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Member since: Sat Jul 3, 2010, 12:24 PM
Number of posts: 19,705

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God gave my son autism because I once had an abortion

In her new autobiography, R&B singer Toni Braxton said that she believes God gave her 11-year-old son autism as punishment for an abortion she had years before.

According to The Frisky, Braxton wrote in Unbreak My Heart that she found out she was pregnant when she was taking the powerful acne drug Accutane.

The drug, which shrinks and eliminates sebum-producing cells in the skin, was first used as a chemotherapy drug for pancreatic and brain cancers. Women are urged not to take the drug if they are pregnant or may become pregnant because the chemical attacks rapidly reproducing cells like those of a developing fetus. Embryos exposed to the drug can have severe birth defects.


Years later, retribution came, she said, “I believed God’s payback was to give my son autism.”


Braxton gave a nod to the anti-vaccination believers by noting that she first noted changes in her son’s behavior “after my son’s first MMR vaccine.”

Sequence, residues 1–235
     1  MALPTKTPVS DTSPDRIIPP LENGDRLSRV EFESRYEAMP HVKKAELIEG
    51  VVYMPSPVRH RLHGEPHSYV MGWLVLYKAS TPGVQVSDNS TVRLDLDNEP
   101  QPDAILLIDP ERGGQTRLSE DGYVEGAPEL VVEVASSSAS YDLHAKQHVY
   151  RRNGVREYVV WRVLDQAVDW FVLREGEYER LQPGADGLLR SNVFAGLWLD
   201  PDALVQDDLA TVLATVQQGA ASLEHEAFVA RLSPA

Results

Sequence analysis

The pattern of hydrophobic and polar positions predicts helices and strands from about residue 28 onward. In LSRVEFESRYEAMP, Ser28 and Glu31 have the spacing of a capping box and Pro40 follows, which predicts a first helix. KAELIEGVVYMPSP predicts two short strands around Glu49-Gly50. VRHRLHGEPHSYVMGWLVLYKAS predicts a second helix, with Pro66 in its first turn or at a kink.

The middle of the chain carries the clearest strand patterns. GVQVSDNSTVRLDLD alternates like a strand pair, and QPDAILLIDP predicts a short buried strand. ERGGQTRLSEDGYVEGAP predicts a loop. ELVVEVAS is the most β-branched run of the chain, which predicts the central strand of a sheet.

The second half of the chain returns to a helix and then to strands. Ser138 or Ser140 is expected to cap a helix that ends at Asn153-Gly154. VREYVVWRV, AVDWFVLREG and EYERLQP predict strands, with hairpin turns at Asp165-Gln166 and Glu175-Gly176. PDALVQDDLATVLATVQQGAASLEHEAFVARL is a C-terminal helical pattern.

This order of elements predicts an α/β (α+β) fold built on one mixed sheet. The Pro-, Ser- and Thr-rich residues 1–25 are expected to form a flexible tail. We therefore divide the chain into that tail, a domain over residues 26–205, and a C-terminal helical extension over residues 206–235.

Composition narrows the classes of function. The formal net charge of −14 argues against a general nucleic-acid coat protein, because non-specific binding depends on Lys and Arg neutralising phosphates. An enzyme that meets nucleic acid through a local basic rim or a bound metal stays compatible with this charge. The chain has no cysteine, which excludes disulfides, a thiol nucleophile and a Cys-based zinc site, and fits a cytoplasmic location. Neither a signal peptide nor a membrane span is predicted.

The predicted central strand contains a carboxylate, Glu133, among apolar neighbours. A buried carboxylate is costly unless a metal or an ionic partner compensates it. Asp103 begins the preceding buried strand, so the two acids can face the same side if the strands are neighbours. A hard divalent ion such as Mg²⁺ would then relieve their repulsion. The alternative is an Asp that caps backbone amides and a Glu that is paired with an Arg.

No exorcisms (yet), but just as delusional.

Astronomers Tell Congress They’re Almost Certain ET Exists

"In the last 50 years, evidence has steadily mounted that the components and conditions we believe necessary for life are common and perhaps ubiquitous in our galaxy," said Werthimer in his written testimony, adding: "The possibility that life has arisen elsewhere, and perhaps evolved intelligence, is plausible and warrants scientific inquiry."


This story is going around, and I want to ask a question from the religious perspective:

Considering the very Earth-centric nature of most religion on this planet, how would the discovery of life (not necessarily intelligent life, just life itself) play into these beliefs that place us all at the center of it all, special in every way?